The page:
Are similar drugs already in use?

There is one, called anti-CTLA4 antibody, which binds to a different receptor on T cells and boosts the effects of the CD28 receptor, albeit to a lesser degree. Scientists working with this drug have seen side effects in human trials — including skin rashes and gut reactions, some of which can be controlled with steroids. Anti-CTLA4 antibody is now in late-stage clinical trials to treat certain cancers.

Were there problems during animal tests with TGN1412?

TeGenero says that it saw no problematic side effects in tests on rabbits and monkeys. But researchers know that an antibody designed to bind to and rouse human CD28 may not work in the same way as the slightly different animal versions of the same molecule.

Will the drug be abandoned?

Immunologists are divided. Some warn that the approach is inherently dangerous. Others hope that TGN1412 or drugs like it might still find a use if researchers can learn to control its side effects or target specific tissues.

Northwick Park, where the tests took place. Image: B. STANSALL/AFP/GETTY IMAGES

Helen Pearson

Reaction to the trial's outcome has been swift, and mixed. In an unexpected turn of events, Britain has seen more people enquiring into early trials, in which healthy volunteers take experimental drugs to determine their safety and dose range. “Paradoxically, there's been an upsurge in interest in these healthy volunteer studies,” says Max Parmar, who heads cancer studies at the Clinical Trials Unit of the UK Medical Research Council. The men who were struck ill in the TeGenero trial had been paid £2,000 (US$3,500) each to do the test.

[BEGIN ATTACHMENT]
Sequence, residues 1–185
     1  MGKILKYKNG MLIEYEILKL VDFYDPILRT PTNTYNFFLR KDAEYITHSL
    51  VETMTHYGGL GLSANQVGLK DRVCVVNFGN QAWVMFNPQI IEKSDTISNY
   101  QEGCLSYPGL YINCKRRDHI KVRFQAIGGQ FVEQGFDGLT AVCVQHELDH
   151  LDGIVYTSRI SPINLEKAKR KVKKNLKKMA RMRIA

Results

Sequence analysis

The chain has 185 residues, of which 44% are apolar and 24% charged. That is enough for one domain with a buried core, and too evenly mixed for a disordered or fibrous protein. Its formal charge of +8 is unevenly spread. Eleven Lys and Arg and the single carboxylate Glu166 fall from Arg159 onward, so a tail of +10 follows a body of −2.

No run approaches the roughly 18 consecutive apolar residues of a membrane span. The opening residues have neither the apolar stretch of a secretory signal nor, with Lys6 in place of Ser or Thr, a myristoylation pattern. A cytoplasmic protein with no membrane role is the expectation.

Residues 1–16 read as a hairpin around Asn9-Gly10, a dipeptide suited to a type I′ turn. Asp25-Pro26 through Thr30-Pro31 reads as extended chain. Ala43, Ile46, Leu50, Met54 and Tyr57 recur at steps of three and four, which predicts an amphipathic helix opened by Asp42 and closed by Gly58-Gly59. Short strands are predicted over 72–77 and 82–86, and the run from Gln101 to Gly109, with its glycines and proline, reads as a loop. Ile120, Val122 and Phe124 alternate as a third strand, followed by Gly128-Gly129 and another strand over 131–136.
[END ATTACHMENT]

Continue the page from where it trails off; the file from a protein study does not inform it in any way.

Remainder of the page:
In Germany, reaction has been rather different. The local public prosecutor in Würzburg is investigating whether any criminal wrongdoing was involved. And this week, the Paul Ehrlich Institute, which authorizes human trials of biological drugs, announced it will tighten regulation of the first tests of such drugs in people. “The central question is: why do you treat six people at the same time? Why don't you start with one?” says Johannes Löwer, president of the Langen-based institute.

Löwer says that his institute will start requiring sequential rather than simultaneous administration of ‘high risk’ monoclonal antibodies — those that, like TGN1412, activate central pathways of the immune system. He says that one-at-a-time administration — with days between injections — will also be required for experimental biologics if institute scientists are not convinced by animal-model studies, or no appropriate animal model exists.

Ethicists in the United States, meanwhile, have called for careful scrutiny of a newly loosened set of rules for the making and testing of drugs in early human trials (see page 406). And the $10-billion business of contract research organizations, or CROs, has come under the microscope.

Caplan worries that such organizations are tacitly encouraged not to focus on protection for human subjects. “The CROs are often told: ‘Just get us the data on the deadline’. They don't get asked questions about how that's being done.” The Association of Clinical Research Organizations boasts that CROs conduct clinical trials 30% more quickly than the pharmaceutical companies that hire them.

A spokesman for Parexel says: “We believe that best practices were followed and the appropriate policies and procedures were adhered to.”